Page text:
5. #14
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    Hello "Anamandy"

    If the coffee aisle in the supermarket no longer smells like coffee, the coffee there must be very old. The roasted coffee loses its flavor and aroma as it sits in the store.

    One of our long-time Forum members, Ccafe, always adds this line to his posts, "Have you ever walked through the isle of your local grocer and smelled the death of a dying bean?" Every time I walk down the coffee aisle, I think of him.

    Rose

  6. #15
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    Quote Originally Posted by PinkRose View Post
    Hello "Anamandy"

    If the coffee aisle in the supermarket no longer smells like coffee, the coffee there must be very old. The roasted coffee loses its flavor and aroma as it sits in the store.

    One of our long-time Forum members, Ccafe, always adds this line to his posts, "Have you ever walked through the isle of your local grocer and smelled the death of a dying bean?" Every time I walk down the coffee aisle, I think of him.

    Rose
    Buying roasted coffee at the local store is, as you've pointed out, os an exercise in carrying dead beans home. Even the local boutique groceries that carry locally roasted coffee beans don't sell enough of any one type to keep the stock and its rotation even close to fresh. I've talked with one of the local roasters who supplies the stores, and they generally "change out" the coffee after two weeks if it doesn't sell.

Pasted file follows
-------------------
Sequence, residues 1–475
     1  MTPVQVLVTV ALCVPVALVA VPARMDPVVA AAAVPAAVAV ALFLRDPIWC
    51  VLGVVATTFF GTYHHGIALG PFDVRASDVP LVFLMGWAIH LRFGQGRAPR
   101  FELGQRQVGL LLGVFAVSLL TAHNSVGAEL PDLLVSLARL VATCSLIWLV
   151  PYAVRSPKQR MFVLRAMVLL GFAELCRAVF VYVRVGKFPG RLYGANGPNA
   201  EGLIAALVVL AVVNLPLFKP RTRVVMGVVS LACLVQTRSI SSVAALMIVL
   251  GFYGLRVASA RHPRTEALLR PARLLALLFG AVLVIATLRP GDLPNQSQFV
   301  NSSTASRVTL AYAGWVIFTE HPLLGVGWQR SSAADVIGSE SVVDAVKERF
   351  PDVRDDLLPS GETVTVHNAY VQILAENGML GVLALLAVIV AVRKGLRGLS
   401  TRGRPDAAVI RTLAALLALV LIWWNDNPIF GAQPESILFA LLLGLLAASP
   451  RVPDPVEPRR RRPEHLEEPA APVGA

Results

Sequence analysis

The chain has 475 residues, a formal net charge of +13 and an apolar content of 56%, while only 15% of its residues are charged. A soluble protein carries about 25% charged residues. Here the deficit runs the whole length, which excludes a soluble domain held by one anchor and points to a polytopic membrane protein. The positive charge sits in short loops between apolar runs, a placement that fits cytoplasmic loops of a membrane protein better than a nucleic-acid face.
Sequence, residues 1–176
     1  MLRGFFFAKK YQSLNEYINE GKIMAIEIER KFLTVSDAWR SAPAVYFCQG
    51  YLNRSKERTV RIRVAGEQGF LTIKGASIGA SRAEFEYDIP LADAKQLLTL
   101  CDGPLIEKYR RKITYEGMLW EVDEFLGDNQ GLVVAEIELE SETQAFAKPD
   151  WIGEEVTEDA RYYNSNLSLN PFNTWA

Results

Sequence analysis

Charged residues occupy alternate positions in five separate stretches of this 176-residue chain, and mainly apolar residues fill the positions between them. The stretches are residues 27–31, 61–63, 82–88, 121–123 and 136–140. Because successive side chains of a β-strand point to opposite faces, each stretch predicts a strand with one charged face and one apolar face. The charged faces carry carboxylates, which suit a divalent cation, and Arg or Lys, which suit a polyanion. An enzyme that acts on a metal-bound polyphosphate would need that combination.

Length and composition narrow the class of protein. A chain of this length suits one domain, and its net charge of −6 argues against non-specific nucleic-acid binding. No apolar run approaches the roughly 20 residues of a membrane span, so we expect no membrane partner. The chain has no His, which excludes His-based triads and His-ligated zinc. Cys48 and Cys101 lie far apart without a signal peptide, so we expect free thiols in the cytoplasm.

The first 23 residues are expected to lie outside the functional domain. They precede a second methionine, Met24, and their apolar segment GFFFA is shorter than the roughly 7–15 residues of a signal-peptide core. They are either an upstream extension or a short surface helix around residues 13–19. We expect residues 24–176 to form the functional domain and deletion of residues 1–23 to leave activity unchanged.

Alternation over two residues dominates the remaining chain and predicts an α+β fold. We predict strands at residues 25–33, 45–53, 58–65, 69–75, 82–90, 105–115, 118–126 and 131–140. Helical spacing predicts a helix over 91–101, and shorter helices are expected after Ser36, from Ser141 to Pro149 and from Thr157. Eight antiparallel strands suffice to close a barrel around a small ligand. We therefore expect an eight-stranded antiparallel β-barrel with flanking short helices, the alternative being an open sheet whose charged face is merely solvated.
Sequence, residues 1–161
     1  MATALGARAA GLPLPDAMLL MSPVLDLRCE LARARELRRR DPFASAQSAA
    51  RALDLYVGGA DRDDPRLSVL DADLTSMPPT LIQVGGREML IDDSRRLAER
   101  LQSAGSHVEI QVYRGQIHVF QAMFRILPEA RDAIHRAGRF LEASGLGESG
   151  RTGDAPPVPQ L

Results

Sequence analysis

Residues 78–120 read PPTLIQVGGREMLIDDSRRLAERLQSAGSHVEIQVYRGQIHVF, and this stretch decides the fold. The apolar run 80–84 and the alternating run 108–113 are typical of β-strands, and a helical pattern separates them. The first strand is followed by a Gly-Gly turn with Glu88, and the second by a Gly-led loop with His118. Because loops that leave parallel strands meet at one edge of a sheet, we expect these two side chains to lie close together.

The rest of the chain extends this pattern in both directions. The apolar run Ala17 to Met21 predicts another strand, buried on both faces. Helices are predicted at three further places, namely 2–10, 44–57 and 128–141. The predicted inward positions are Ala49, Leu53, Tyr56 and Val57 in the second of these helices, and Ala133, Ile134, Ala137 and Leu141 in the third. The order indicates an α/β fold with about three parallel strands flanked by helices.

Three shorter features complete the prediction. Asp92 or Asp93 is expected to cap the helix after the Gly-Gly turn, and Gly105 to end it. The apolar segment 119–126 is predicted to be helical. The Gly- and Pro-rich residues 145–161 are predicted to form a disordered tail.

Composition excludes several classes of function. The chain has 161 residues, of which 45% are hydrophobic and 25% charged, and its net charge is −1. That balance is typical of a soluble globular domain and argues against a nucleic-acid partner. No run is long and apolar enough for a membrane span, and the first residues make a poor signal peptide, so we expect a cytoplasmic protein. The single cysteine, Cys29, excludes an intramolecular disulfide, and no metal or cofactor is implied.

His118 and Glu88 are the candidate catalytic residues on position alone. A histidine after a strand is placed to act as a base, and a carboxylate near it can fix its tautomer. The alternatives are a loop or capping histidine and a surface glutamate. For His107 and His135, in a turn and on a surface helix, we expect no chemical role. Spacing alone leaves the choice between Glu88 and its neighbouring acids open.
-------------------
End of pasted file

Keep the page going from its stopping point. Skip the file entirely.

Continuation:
I would assume that in chain grocery stores with bulk coffee bins, that could stretch to 30, 60, 90 days...who knows?

    Conversely, we do have a local coffee shop that fresh roasts all of their coffee daily, and if you want freshly roasted coffee and don't roast yourself - that's the place to go. You're only limited to poor coffee if you don't look for it. If freshly roasted coffee isn't available locally, there are a number of places on the Internet that will roast and ship the same day, meaning, the coffee will be 3 days old when you get it - and that's not too bad as many coffees benefit from a couple of days of resting prior to use. Most of them ship the coffee in vacuum packages so the coffee cannot be oxidized when you get it.

    In fact, I bought some green coffee from one supplier and it was vacuum packed - not something that I would have expected. I've also ordered 10 pounds of coffee from a farm in Hawaii, and it has just been picked and is being processed - and I would expect to receive the green beans sometime around the end of March.

    If you want quality coffee, it really only takes a little more effort than going to the local store in order to get it.